The short answer is your cat is telling you she wants more food. It could also mean she isn’t feeling well. Let us explain.
Cats communicate with humans by yowling and meowing. They do so to greet us, ask for something, or let us know something’s not right. Kittens usually meow to their mothers when they need something. However, as they get older, they reserve their meows for communication with human beings. Therefore, adult cats will meow in communication with you.
Yowling sounds are almost similar to meowing, except they’re more melodic and drawn out. Adults tend to yowl at each other during mating season and at human beings. However, it’s usually not as melodious sounding to the human ear as cats think when they yowl persistently. In addition, some cat breeds like the Siamese tend to meow and yowl more than others.
Why Does My Cat Yowl After Eating?
Generally, cats yowl to communicate, especially during mating season. A cat in heat will yowl to another as a way to suggest they get together. Interested cats would yowl back, signaling their desire to participate. Yowling may also signal that a cat wants to be left alone. In other instances, a cat may yowl out of boredom. Therefore, when your cat yowls after eating, you should take note since it is an unusual time to do so.
1. The Cat Loved the Meal
Yowling after enjoying a meal is your cat’s way of expressing her satisfaction. If she found the meal exceptional, it’s only fitting that she lets you know. In such cases, there’s nothing to worry about. Your cat will go about her day without any issues.
2. It Wants Your Attention
Your cat may also yowl after eating to get your attention. Cats are strange animals and may keep to themselves until they deal with whatever is disturbing them. Therefore, she may yowl to let you know she no longer has any issues and is ready to play.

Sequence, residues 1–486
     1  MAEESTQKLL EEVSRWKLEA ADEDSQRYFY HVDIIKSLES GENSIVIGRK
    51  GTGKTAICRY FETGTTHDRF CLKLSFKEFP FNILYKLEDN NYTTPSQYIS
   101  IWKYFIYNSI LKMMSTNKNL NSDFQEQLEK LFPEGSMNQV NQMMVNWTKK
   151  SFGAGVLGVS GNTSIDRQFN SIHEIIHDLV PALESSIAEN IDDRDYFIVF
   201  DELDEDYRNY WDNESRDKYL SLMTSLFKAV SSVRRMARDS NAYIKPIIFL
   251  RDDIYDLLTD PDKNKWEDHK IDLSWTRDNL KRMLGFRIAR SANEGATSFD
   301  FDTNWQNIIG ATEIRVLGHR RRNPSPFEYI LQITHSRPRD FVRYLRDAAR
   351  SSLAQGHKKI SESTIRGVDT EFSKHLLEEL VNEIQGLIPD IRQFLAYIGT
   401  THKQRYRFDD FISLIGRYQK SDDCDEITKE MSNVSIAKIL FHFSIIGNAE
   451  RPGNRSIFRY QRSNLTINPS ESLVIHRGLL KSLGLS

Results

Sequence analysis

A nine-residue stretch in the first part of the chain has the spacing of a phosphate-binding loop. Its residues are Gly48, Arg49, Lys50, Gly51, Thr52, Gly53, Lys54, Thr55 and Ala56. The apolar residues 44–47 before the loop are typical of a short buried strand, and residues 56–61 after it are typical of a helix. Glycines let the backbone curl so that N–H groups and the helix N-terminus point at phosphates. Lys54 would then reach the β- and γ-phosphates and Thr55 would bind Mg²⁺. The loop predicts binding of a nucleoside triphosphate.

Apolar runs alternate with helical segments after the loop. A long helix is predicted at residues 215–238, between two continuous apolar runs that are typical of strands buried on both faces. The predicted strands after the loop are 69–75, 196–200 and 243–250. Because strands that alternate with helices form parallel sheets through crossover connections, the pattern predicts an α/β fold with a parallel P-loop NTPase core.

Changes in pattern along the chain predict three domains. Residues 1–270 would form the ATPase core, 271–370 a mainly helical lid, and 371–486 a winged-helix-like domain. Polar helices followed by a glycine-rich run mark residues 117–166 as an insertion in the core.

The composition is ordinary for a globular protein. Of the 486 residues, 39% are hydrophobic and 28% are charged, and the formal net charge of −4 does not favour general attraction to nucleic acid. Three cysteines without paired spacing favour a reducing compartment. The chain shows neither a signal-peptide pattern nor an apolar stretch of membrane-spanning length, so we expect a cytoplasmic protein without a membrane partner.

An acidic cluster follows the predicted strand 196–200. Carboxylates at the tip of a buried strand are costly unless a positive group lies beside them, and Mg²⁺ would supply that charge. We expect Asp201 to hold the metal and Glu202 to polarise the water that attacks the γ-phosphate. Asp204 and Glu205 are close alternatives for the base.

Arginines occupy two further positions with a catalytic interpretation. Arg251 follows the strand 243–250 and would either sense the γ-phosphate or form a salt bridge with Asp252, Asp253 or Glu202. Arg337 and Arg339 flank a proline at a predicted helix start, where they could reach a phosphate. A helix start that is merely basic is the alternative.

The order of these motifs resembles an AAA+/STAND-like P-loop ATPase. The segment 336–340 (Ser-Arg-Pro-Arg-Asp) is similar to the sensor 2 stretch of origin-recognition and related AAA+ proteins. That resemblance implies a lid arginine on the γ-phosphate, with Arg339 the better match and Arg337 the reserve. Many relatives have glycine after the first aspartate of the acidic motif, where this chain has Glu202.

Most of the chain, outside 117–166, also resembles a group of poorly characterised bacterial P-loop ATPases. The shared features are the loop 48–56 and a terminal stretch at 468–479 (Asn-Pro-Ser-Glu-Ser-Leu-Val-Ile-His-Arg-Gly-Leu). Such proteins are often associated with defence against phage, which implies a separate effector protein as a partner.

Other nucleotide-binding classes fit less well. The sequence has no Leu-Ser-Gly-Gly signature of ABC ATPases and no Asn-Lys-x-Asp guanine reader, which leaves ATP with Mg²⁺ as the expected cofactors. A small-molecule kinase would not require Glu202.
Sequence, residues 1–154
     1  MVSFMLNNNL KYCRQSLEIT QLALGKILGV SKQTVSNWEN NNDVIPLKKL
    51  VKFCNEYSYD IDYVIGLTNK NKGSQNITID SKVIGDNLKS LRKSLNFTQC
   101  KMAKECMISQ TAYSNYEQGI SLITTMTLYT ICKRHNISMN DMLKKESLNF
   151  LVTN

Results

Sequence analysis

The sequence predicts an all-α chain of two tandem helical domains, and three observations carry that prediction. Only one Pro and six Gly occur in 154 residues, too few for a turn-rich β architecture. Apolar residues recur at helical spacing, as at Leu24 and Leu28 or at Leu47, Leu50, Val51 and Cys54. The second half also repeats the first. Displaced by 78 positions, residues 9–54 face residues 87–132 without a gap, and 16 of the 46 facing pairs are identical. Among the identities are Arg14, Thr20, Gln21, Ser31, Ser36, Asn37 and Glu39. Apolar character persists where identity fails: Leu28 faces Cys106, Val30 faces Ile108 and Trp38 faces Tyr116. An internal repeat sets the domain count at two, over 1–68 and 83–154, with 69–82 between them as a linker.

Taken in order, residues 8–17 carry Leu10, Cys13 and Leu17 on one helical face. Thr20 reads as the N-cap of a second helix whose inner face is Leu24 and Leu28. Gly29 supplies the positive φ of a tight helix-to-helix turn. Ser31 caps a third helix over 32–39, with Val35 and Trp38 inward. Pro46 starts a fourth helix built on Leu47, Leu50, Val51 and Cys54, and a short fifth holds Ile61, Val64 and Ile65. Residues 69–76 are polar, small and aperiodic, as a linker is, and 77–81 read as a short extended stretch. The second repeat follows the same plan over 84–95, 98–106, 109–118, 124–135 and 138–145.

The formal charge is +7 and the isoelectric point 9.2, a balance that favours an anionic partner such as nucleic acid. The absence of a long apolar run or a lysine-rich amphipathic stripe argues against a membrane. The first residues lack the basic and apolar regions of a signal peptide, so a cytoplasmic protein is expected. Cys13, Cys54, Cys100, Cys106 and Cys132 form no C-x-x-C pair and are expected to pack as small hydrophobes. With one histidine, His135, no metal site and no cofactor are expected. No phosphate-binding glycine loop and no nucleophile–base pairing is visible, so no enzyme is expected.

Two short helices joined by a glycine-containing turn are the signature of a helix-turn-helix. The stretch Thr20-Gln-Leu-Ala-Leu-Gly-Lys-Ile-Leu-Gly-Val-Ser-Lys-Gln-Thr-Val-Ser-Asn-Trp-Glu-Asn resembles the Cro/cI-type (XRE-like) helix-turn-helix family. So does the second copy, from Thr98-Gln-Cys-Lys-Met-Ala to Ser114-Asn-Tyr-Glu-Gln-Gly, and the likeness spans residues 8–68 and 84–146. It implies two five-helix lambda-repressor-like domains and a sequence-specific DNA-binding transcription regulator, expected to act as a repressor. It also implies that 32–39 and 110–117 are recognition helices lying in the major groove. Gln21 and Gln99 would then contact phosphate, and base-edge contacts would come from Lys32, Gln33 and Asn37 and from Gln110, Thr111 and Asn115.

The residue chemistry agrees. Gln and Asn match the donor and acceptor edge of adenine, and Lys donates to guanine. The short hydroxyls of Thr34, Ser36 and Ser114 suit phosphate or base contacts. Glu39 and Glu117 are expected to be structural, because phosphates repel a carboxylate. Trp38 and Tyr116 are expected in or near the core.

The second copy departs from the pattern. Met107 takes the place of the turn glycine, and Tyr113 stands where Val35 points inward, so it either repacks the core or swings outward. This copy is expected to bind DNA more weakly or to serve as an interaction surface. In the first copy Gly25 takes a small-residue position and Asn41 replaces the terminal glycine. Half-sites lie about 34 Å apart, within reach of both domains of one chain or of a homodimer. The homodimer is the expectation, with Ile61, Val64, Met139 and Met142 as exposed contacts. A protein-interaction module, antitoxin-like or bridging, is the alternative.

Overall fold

3. Your Cat Is Not Full
You may have served your feline friend less food, and she is letting you know she wants seconds. A yowl will catch your attention and draw you close to the feeding area. Observe how she acts when you get there to tell if it is hunger. She may point to her feeding bowl or head for where you store her food. Give her some more food and watch what she does.
4. It Doesn’t Like How the Food Tastes
There is a wide variety of cat food on the market. Your cat is ordinarily concerned with how the food tastes. Therefore, if you buy your cat food that she doesn’t like, she will immediately tell you. She probably won’t eat much of it before asking you why you made such a mistake. Yes, I know; she can’t talk. However, that yowl will convey this specific message.
You may be consistent with your food choices, but a cat’s preferences and tastes change as she grows. While she loved the same food recently, she may not feel that way today, hence the yowl.
5. It Is in Pain
Cats are predators but can also be prey due to their small stature. Therefore, they will not announce when they are injured for strategic reasons. Instead, they will look for a safe place to heal. In addition, they will look for food to help them heal. Each bite would leave them in pain if they were injured in their mouth area. A full stomach may also be painful if the injury is on the torso. Surprisingly, your cat will focus on eating first, then the pain later. Therefore, you will hear your cat yowl after eating.
6. It Is in Heat
A cat yowling after eating may not have anything to do with food. It is mating season, and your cat wishes to let other cats know of her intentions. You can expect such yowls if you don’t have your cat neutered or spayed.
7. Your Cat Is Confused
If your cat is old, she will have frequent bouts of confusion and yowl in frustration. With age comes poor eyesight, hearing loss, and dementia, among other forms of cognitive dysfunction.
8. Your Cat Is Communicating With Other Cats